8 July 2022

The welfare of working equids should be prioritised in the Agenda 2030

Global External Affairs Advisor Chiara Soletti discusses Brooke's aims for this year's High Level Political Forum (HLPF).

Working equids make a crucial contribution to communities and economies around the world. Unfortunately, they are often overlooked and excluded from plans, negatively impacting their welfare and that of the people who depend on them. 

This week, Brooke is at the ECOSOC High Level Political Forum (HLPF), the main UN platform dedicated to sustainable development and the monitoring of the Agenda 2030. Throughout the week, Brooke representatives will work to advance the status of working equids and engage with national stakeholders to highlight animal welfare and One Health principles

Working equids represent an important social protection mechanism, boosting community resilience. In many countries, they contribute to sustainable agricultural development (SDG2 Zero Hunger) and they enable communities to access water, (SDG 6 Clean Water and sanitation)

Their role in sustainable farming in remote areas is also helps to ensure community resilience against climate change impacts like land degradation (SDG15 Life on Land), and disasters and climate shocks (SDG13 Climate Action)

Millions of people rely on working equids for their livelihoods and their contribution to national GDP must not be overlooked (SDG1 No Poverty). Women in particular benefit from owning an equine, often representing a path to economic and social independence (SDG5 Gender Equality)

With the recently adopted UNEA resolution  on Animal Welfare, Environment, Sustainable Development Nexusand the engagement work of the Action for Animal Health Coalition with the World Health Organisation (WHO) in the development of the upcoming pandemic treaty, the interlinkages between the health of humans, animals, ecosystems, and sustainable development are now clearer than ever. Strong well-resourced animal health systems are pivotal to the realisation of several SDGs, including SDG 3 (Good Health and Wellbeing).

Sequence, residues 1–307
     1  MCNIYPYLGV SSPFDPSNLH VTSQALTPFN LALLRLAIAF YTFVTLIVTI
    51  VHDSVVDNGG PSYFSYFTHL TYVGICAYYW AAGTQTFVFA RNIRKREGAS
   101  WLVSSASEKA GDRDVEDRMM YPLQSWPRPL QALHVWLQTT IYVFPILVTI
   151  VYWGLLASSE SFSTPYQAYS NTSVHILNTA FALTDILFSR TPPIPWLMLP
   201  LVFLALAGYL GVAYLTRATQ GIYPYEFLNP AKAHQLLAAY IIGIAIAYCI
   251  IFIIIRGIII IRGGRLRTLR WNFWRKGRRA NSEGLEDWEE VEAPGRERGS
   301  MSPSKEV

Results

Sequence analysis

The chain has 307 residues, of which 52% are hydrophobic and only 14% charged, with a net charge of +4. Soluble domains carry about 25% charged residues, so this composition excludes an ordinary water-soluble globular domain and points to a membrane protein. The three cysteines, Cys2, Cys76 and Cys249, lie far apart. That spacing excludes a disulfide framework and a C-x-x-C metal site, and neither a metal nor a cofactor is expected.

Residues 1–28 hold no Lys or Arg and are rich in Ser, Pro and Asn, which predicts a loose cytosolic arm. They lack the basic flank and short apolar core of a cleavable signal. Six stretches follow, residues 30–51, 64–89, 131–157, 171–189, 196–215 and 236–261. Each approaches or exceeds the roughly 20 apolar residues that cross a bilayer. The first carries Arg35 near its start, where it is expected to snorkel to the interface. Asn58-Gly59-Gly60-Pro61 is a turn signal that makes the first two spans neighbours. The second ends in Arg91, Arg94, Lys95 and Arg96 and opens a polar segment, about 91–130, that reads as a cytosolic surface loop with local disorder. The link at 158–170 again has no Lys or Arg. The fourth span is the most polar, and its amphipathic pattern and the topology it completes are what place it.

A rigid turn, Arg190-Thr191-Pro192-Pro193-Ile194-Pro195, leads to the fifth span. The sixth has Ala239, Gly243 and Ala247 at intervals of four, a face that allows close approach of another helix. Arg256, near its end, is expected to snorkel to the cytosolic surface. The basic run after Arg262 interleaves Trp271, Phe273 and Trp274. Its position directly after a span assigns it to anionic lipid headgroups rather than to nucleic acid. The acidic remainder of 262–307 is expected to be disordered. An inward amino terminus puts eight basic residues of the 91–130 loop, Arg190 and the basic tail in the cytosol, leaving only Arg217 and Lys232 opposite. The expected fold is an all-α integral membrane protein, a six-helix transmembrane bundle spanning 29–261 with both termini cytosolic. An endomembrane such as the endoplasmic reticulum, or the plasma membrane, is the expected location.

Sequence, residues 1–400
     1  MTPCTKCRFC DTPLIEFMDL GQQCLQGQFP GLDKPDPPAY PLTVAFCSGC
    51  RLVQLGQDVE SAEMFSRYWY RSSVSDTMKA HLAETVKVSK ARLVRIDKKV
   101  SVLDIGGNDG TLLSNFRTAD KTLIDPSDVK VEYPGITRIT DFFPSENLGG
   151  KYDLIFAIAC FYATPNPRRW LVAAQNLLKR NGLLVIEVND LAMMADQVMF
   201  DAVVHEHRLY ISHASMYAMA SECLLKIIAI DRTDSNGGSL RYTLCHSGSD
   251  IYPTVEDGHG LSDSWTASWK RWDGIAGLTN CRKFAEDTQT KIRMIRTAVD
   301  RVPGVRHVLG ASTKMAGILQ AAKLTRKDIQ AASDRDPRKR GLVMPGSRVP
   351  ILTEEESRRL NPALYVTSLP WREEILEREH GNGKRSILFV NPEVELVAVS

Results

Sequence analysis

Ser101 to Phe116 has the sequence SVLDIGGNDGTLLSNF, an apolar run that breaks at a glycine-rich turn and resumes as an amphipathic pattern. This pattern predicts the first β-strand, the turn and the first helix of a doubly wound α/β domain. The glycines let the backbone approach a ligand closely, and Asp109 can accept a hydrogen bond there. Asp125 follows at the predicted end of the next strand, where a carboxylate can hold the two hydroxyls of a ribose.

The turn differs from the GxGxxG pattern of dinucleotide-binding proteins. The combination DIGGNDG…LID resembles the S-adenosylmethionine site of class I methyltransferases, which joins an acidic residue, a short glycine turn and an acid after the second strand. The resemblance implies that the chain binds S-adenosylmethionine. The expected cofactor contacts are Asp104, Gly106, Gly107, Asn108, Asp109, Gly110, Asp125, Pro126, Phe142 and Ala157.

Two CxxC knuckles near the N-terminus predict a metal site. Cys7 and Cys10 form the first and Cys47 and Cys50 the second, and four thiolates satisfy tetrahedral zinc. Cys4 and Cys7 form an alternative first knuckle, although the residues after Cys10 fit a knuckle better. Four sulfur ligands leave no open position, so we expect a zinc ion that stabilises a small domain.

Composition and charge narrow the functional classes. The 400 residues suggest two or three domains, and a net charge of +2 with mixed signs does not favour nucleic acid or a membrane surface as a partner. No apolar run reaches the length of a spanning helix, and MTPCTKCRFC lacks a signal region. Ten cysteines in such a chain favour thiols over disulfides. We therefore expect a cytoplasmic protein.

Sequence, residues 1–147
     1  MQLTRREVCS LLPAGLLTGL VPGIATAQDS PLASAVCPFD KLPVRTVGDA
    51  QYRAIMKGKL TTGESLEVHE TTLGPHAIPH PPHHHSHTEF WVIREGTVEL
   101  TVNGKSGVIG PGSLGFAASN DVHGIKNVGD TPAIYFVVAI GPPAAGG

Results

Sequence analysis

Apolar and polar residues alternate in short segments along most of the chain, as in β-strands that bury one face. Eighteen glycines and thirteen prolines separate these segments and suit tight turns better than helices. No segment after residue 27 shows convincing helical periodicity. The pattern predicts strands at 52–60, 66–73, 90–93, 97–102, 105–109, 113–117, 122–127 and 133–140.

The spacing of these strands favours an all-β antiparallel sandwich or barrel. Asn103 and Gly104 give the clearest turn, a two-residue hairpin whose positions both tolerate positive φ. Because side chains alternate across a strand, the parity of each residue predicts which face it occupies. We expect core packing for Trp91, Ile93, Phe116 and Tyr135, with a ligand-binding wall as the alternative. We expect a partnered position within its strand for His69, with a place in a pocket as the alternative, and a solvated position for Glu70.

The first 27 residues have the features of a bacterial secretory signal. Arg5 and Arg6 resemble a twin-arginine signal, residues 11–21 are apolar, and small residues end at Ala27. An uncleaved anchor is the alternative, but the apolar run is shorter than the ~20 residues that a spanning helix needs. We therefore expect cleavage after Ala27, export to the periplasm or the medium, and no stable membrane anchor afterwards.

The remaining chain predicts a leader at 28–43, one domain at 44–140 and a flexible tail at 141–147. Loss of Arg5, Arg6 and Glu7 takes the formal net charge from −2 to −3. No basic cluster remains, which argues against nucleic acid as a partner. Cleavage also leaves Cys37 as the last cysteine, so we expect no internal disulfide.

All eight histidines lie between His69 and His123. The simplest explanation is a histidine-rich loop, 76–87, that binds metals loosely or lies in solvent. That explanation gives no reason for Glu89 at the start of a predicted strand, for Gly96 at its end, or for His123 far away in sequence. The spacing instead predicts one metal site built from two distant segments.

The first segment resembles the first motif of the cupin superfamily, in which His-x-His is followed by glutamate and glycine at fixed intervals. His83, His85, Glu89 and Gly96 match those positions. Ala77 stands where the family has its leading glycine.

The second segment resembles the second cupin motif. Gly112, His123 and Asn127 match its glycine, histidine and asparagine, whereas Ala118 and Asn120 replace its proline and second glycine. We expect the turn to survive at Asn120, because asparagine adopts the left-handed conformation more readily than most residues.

As Brooke engages with stakeholders at this year’s HLPF, we call for: 

  1. Consideration of draught power within livelihoods, sustainable development, agricultural and climate programming   

  1. Appropriate investment to ensure access to suitable services for animal owners, enabling livestock keepers to make better use of their livestock and improve welfare   

  1. Investment in animal health systems more broadly - including upskilling the animal health workforce, securing access to animal medicines and vaccines, and improving surveillance – for sustainable development and to operationalise One Health  

  1. Technical capacity building to implement relevant global policies such as the World Organisation for Animal Health’s (WOAH) Standards for the Welfare of Working Equids at national level   

  1. Visibility in economic and market analysis of the contribution of draught power and in livelihoods assessments, to highlight the overlooked role of working animals in these systems   

  1. Inclusion of working livestock in disaster risk reduction and emergency response planning, including in the roll out of Livestock Emergency Guidelines  

  1. Banning damaging trades that impact livelihoods and animal welfare such as the donkey skin trade, cracking down on associated illegal activity that fuels the trade and pooling evidence and research to strengthen regional positions   

  1. Inclusion and enhanced protection of working livestock within livestock policy definitions, censuses and databases with disaggregated data including working animals (more details in the brief “Working Equids in Numbers: Why Data Matters for Policy”).